Tuesday, September 28, 2021

Matter of Import 74: Shaken But Not Stirred [Richard Shepherd Software Ltd 1982]


Shaken But Not Stirred is perhaps the first James Bond themed game, and an unlicensed one at that, coming to the ZX Spectrum in the form of a text adventure game. It pits the super-spy against a master criminal named Doctor Death, blackmailing the world with nuclear missiles.

The first part of the game is less a traditional interactive fiction game than an extended anagram puzzle. Each turn you’re asked to pick a city to visit from a list - though there’s no error if you choose another city, or just enter a word salad, they’re accepted as valid responses.

The reason for this is that upon arrival you’re given a completely random encounter, from a combat scenario to a clue. This is in the form of a single letter to the puzzle, whose solution is yet another city you’ve got to visit to reach the second part of the game.

Having discovered the location of Doctor Death’s lair, you head to an island to search for his lair. Controls here are a more standard cardinal direction - N, S, W, E - in a worldspace largely inhabited by homicidal animals. And this, of course, means a lot of combat.

Tedious combat. To defeat a foe in either stage of the game you need to type out the name of the weapon you’re using. Have a secret cyanide pistol? Get ready to type out “Secret Cyanide Pistol.” Not pistol. Not Secret Pistol. You need to type out the full name, every time. Hidden Knife. Walther PPK Pistol. Whatever. Type it out.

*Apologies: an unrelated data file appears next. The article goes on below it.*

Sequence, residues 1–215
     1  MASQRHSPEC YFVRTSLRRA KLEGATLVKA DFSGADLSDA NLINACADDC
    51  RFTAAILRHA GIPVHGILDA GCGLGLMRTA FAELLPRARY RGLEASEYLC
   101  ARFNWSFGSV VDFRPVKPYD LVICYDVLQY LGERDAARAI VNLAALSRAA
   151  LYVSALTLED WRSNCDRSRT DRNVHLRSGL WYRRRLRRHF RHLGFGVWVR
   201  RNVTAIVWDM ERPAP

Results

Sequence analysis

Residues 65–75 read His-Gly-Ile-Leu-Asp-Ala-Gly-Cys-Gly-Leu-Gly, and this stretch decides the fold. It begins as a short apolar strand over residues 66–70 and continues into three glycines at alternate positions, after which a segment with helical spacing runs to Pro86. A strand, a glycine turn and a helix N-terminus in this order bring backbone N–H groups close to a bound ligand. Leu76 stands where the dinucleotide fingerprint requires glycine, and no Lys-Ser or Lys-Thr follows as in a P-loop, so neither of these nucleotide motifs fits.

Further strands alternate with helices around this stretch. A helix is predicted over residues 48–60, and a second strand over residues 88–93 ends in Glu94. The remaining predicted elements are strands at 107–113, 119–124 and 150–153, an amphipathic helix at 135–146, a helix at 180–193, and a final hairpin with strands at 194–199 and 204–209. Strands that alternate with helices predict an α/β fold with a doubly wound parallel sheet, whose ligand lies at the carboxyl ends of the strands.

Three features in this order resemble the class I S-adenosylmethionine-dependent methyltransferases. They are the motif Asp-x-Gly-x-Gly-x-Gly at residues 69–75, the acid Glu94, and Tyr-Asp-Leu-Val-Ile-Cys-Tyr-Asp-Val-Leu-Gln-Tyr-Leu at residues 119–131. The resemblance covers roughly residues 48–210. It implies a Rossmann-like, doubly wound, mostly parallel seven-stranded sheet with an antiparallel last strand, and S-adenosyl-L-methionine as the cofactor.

Each weapon kills its target instantly, but each - even the knife or watch garrotte - only has a few uses. And once this runs out? Will, Jimmy Bond can’t judo chop his way out of trouble, and running isn’t very English so… yeah. Just hope you find the lair fast, because once you’re on the island there’s no running back to London to reload.

On the one hand, it’s nice to see a departure from the standard parser-based text adventure for the ZX. Unfortunately every twist Shaken But Not Stirred provides only serves to make play more irritating.

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